Must Power Always Corrupt?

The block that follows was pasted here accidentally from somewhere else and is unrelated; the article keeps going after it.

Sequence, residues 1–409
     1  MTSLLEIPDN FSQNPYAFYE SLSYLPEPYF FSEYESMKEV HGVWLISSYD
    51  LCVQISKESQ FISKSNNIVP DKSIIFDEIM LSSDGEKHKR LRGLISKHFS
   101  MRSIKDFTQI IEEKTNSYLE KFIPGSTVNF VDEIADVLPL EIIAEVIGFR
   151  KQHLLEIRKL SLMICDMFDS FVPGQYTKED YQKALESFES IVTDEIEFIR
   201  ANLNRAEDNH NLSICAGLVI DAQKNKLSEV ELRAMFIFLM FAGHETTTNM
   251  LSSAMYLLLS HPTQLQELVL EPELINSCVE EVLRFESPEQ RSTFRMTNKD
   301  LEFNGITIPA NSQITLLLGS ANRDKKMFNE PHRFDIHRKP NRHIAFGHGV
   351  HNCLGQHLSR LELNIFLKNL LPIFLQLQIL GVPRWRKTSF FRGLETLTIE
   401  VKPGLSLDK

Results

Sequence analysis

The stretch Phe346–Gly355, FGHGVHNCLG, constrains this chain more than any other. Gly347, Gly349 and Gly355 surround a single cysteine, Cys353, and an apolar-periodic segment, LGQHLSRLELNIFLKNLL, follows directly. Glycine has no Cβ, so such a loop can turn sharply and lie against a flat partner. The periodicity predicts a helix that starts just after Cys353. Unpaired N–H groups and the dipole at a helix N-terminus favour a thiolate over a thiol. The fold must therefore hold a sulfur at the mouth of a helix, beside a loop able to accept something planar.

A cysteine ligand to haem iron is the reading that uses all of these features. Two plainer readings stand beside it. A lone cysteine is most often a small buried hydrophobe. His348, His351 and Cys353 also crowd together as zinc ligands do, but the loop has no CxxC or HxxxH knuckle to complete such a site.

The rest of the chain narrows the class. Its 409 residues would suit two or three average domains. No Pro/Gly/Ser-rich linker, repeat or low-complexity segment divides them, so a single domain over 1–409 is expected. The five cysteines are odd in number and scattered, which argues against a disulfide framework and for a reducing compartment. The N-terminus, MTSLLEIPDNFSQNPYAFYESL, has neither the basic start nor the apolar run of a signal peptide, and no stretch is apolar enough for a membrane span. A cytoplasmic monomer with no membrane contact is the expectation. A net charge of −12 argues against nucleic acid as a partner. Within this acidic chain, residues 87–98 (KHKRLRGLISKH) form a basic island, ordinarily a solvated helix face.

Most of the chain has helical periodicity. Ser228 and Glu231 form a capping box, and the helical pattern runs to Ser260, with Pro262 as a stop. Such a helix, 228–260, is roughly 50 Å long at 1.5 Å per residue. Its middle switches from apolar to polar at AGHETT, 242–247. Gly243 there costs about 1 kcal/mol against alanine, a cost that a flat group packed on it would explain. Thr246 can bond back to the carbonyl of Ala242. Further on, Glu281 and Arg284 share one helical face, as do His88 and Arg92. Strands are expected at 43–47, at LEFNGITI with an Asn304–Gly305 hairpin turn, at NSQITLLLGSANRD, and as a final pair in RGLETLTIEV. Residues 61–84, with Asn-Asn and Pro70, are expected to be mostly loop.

By Mark Rodgers“Power corrupts, and absolute power corrupts absolutely.”-- Lord ActonI have been struck recently by the power of culture in our lives, and the difficulty of handling power when we have it. Dueling front page stories of former Virginia Governor McDonnell and pop phenom Justin Bieber, both people of professed faith, remind us of the siren call of power, whether in the form of popularity or politics.Also in the news has been the coercive power of the State, which at times we celebrate (the restraint of evil), at times we resist (restrictions on religious freedom) and at times we just aren’t sure (the NSA). Thomas Jefferson said, “If once [the people] become inattentive to the public affairs, you and I, and Congress, and Assemblies, judges and governors shall all become wolves. It seems to be the law of our general nature, in spite of individual exceptions; and experience declares that man is the only animal which devours his own kind..."It is this temptation of power, whether as profit or manipulation of people, that is reflected in Wolf of Wall Street. “This film may be misunderstood by some,” Leonardo DiCaprio said. “I hope people understand we’re not condoning this behavior, that we’re indicting it. The book was a cautionary tale and if you sit through the end of the film, you’ll realize what we’re saying about these people and this world, because it’s an intoxicating one ... There were these two profound speeches at the heart of the film, the second of which gets you to understand how intoxicated Jordan was by the power of what he was doing.” There but by the grace of God go I.Power. What is it? What is it for? How do we use it for the flourishing of society? What does it do to us when we have it? And how do we manage it?In his recent book Playing God, Andy Crouch explores the paradox of power, and the tension that the Church has with it. Aware that it can corrupt, we are right to be cautious, but also acknowledging that power was given to mankind in the Garden in the form of stewardship we know that we are called to use it wisely.Since all roads lead back to the Shire, I have to think of Tolkein’s exploration of the temptation of power in the form of the Ring which literally distorted a hobbit into Gollum. The important lesson to take away from Middle Earth is not that power is inherently evil, but as Sam said, that “there’s some good in this world, Mr. Frodo… and it’s worth fighting for.” Power can be used for the common good.The front page of the Wall Street Journal had another image of power recently. One that I can’t get out of my mind. The image of a few orthodox priests, standing between opposing forces in the Ukraine. Power in prayer. Power in sacrifice. Power in peace.It takes me back to the Man of Peace who, on a mountaintop, did not reject power, but gave us a sermon that turned the world’s power structures upside down. Blessed are the meek, for they shall inherit the earth.